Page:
CASA – not just the Spanish word for “house”, but also an acronym for Conflict Affected States in Africa, a two-year old International Finance Corporation (IFC) programme looking to promote economic recovery in four African countries, namely Central African Republic, the Democratic Republic of Congo, Liberia and Sierra Leone.

It would not be easy to find an African country which has NOT been affected by conflict in one way or another.  Even South Africa, the leading economy on the continent, had its racial conflict under apartheid, whilst the former Rhodesia, and Ethiopia, each split into two separate nations following severe conflict.  Sudan and Somalia still suffer from civil war.  The DRC, one of the IFC’s target countries, is not totally “post conflict”, with the eastern region still occupied by several warring factions but is, all the same, in need of considerable assistance to develop both immediate and long-term solutions to help speed private sector growth and stability.

Hotels are an essential part of the infrastructure of any town and city.  The damage to hotels in conflict-affected countries brings two problems – a shortage of accommodation for visitors essential to the social, political and commercial recovery of the country, such as aid workers and consultants, and a perception from the outside that the destination is not yet suitable for foreign investors.

The focus by the IFC to provide special assistance to these four countries is to be especially welcomed given the organisation’s work in the tourism industry, with investments in over 80 countries.  And another World Bank member, the Multilateral Investment Guarantee Agency (MIGA), is providing political (i.e. non-commercial) risk insurance to investors and lenders, for projects and in locations where private sector insurers are not willing to provide cover.  Rebuilding a country’s economy presents huge opportunities for the local and international private sector, and MIGA cover makes it more likely that a foreign investor will take up the challenge.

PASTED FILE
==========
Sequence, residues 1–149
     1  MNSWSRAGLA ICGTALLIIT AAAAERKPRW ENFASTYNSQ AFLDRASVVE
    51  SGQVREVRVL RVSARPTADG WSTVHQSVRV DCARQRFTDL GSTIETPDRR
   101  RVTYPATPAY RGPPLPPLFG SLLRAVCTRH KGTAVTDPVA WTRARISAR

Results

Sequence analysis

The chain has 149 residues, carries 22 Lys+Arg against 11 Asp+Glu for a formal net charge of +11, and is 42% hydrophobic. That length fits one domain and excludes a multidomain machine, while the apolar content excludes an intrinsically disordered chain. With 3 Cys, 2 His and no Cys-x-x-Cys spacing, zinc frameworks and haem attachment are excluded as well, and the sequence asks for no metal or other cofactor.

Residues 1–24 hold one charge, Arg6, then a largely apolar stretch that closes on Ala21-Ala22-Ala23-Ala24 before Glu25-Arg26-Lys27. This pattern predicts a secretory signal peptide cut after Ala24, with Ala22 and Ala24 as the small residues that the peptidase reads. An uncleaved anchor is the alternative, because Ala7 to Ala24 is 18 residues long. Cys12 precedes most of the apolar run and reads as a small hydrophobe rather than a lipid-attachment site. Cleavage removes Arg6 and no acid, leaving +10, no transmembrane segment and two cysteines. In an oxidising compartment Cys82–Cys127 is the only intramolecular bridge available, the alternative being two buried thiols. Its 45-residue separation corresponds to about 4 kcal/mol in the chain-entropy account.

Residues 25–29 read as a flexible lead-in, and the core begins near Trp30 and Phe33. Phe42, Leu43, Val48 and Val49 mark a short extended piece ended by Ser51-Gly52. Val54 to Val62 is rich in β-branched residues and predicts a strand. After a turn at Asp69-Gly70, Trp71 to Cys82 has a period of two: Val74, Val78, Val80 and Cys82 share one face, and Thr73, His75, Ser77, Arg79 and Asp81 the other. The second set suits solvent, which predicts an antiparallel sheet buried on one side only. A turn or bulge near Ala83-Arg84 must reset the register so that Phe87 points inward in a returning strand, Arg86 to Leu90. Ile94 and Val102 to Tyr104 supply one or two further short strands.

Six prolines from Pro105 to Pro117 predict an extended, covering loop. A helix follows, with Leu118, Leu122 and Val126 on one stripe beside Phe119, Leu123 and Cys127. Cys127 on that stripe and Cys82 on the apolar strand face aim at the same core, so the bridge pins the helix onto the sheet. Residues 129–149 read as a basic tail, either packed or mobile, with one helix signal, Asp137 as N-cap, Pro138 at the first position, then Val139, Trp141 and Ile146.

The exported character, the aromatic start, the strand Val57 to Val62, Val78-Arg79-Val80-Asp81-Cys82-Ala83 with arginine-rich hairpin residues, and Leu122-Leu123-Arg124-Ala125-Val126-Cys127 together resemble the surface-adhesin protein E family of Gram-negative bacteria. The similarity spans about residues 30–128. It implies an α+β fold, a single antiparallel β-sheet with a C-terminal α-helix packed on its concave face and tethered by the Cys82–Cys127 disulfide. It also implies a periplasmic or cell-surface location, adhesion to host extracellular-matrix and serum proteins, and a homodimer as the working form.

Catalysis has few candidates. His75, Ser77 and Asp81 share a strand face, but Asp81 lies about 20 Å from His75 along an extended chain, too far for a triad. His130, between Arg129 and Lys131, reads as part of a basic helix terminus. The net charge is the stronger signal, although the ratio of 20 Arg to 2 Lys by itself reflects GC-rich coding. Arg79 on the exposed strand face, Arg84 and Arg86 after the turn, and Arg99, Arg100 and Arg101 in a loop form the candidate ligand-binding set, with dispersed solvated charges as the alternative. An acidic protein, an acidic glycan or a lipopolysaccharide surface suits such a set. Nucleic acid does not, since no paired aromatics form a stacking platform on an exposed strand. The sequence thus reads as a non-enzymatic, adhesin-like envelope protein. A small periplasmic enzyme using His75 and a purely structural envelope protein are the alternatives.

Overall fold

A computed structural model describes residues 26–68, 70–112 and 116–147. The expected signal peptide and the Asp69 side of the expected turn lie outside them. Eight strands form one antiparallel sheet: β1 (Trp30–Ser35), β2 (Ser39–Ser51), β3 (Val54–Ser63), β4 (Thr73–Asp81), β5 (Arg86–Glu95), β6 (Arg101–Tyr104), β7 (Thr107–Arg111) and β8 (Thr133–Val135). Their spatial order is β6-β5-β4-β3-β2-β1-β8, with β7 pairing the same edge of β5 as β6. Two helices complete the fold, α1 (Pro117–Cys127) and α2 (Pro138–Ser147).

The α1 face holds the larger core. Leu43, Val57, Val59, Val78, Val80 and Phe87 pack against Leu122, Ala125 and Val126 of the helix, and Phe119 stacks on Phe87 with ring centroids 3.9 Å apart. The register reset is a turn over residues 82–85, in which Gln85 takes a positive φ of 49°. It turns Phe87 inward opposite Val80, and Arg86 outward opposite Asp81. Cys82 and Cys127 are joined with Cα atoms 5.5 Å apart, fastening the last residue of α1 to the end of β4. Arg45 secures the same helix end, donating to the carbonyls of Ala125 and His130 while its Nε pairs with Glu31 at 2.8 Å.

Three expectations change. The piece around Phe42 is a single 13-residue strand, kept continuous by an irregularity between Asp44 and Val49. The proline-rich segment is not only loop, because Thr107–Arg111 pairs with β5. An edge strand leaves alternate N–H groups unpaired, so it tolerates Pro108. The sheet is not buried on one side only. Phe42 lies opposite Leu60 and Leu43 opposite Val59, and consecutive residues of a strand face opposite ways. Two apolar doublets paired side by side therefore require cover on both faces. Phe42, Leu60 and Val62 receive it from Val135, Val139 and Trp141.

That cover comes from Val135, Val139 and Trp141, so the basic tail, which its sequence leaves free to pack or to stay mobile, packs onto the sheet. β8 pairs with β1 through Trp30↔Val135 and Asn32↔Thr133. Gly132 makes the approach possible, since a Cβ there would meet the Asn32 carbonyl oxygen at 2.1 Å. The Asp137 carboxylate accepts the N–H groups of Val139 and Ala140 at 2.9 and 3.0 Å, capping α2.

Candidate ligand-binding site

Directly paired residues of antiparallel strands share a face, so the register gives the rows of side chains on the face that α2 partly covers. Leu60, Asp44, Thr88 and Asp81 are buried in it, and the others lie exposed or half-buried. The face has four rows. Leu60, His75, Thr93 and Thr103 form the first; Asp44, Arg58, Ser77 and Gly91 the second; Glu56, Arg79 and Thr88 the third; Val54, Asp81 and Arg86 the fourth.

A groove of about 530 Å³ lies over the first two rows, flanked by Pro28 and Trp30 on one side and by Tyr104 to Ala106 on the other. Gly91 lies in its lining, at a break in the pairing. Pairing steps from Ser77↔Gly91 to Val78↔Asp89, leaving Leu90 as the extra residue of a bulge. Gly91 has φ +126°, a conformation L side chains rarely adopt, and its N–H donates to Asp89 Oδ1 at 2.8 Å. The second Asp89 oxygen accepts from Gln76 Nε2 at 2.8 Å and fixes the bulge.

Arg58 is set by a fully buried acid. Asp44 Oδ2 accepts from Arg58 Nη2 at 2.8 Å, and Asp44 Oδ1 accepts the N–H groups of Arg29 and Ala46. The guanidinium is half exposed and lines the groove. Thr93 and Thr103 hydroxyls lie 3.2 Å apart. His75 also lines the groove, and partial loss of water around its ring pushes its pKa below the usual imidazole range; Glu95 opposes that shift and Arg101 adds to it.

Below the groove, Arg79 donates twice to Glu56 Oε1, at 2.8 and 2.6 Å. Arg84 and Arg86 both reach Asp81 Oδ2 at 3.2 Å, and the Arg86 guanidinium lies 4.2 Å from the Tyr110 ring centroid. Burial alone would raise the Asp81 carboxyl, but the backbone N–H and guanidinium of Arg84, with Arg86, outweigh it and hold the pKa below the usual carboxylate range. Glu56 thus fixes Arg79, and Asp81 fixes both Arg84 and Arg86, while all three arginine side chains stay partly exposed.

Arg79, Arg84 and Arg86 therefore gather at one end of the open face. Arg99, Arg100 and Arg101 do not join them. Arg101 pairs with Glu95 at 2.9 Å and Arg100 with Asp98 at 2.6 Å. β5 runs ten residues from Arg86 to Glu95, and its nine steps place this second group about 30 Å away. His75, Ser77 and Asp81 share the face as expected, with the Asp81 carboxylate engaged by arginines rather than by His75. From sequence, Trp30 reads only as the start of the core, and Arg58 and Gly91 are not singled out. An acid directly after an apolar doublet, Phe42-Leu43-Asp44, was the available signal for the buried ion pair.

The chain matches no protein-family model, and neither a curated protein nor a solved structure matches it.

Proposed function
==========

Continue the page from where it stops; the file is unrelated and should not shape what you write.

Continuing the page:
MIGA is also working with various national investment promotion agencies to promote projects to foreign investors and to develop national investment strategies.

Alongside the CASA programme and the support provided by MIGA, the IFC is active in the promotion of tourism investment in post-conflict states in other ways.  In Sierra Leone, the IFC’s investment climate team has been working with the government and with the National Social Security and Insurance Trust, the owner of the Cape Sierra hotel in the Aberdeen district of Freetown, providing advisory services for the privatisation of the hotel.  The process is ongoing, with various technical reports undertaken (including a market and financial analysis conducted by W Hospitality Group) and a tendering exercise to attract an investor and management company.

In Mozambique, the IFC has been managing the Anchor Investment Programme, effectively acting as project promoters for a number of resorts there, with the dual aim of attracting foreign investors, whilst at the same time building capacity within government.

The additional support provided to these and other conflict-affected states means, hopefully, that recovery will be that much quicker than without such intervention.  Of course, the risk still remains, and any hotel development in such locations must have a sustainable and proven commercial rationale before proceeding, not a crutch to make it artificially viable in the short-term.  The development or renovation of a hotel creates employment, not just in the hotel itself, but also in the rest of the economy, through indirect and induced multiplier effects in the supply chain and through increased spending in shops and elsewhere by newly-waged and self-employed individuals.

Trevor Ward

W Hospitality Group, Lagos

trevor.ward@w-hospitalitygroup.com